SHINING CITY by Tom Rosenstiel


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Investigating the background of a Supreme Court nominee, a problem-solver for hire falls into the path of a killer.

The author of several nonfiction books and a former reporter for Newsweek and the Los Angeles Times, Rosenstiel makes his fiction debut with an uncertain blend of Washington-insider novel and thriller. What may be a series launch doesn’t yet click. Rosenstiel crafts a hero, Peter Rena, who has many soul mates in this genre. Rena has a troubled past. After West Point, he ran into trouble in the Army. He’s divorced, and he’s got the tough-guy vernacular down pat. Of a congressman caught misusing funds, Rena says, “Someone found a loose string about Derek Knox and pulled.” Now a behind-the-scenes problem-solver to the powerful in Washington, D.C., Rena, says a friend, is “the guy who comes in when PR won’t work." Rena works with Randi Brooks, his complement: she’s a liberal Democrat, he’s mostly a Republican. President James Nash summons the partners to the White House. A conservative Democrat faced with a dysfunctional Congress (one of many topical aspects here), Nash wants Rena and Brooks and their staff to dig into the background of his nominee to the Supreme Court, Edmund Roland Madison, who, Brooks says, will be "nothing but trouble." An iconoclast who disdains compromise, Madison is conservative on gun control yet liberal on free speech, race, and discrimination. Brooks and Rena’s investigation and their interviews with quirky Madison are slowly paced and, for readers who follow the machinations over court appointments in the press, too familiar and predictable. To ramp up suspense, Rosenstiel cuts periodically to an overused thriller trope—a lurking killer carrying out a series of brutal murders, graphically described. Eventually the assailant goes after Madison, bringing focus, momentum, and a fair degree of suspense to the proceedings.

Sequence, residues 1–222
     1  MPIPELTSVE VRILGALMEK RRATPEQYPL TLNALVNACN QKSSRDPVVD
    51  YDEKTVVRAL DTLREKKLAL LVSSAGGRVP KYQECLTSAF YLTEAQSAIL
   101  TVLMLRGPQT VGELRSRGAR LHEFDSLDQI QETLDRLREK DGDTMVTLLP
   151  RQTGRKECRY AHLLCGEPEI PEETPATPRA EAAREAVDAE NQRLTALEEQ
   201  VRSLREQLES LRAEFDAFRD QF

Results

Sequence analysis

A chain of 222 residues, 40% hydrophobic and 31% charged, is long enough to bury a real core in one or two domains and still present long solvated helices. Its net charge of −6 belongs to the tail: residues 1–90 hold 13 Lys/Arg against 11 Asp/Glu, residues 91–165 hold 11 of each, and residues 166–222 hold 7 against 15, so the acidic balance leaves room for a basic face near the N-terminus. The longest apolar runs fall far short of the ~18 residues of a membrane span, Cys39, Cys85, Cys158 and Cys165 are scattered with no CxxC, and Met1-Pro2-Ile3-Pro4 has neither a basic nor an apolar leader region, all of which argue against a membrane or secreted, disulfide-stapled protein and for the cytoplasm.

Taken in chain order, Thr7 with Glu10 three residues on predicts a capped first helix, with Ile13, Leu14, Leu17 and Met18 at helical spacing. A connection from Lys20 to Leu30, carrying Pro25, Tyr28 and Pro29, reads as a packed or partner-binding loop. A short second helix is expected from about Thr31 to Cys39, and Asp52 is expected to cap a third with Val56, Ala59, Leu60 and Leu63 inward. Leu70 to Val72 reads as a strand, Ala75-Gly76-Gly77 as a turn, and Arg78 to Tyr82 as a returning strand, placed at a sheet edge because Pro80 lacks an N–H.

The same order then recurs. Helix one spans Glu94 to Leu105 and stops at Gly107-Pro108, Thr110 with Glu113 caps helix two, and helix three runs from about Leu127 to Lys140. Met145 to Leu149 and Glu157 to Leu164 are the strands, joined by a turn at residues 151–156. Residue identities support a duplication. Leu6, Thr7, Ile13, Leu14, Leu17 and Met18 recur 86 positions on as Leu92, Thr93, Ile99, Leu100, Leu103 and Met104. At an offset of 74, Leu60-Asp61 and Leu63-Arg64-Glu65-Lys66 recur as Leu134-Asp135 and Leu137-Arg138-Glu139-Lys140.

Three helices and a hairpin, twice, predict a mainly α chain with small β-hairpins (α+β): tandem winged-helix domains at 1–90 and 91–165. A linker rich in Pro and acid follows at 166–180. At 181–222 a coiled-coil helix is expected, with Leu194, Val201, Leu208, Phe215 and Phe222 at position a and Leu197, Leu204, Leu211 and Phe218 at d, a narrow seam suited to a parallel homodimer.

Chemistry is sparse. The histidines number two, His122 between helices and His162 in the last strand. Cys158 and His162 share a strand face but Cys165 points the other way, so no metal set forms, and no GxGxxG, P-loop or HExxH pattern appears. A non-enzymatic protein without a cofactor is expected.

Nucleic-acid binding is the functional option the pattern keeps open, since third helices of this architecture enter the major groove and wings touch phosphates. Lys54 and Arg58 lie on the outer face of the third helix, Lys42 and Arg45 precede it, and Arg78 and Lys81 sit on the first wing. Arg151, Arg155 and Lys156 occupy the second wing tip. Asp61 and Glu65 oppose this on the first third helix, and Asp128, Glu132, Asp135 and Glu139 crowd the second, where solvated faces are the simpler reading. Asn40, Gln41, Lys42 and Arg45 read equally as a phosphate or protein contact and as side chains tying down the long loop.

Sure to steady the pulse.

Pub Date: Feb. 21st, 2017
ISBN: 978-0-06-247536-7
Page count: 368pp
Publisher: Ecco/HarperCollins
Review Posted Online:
Kirkus Reviews Issue: Dec. 1st, 2016


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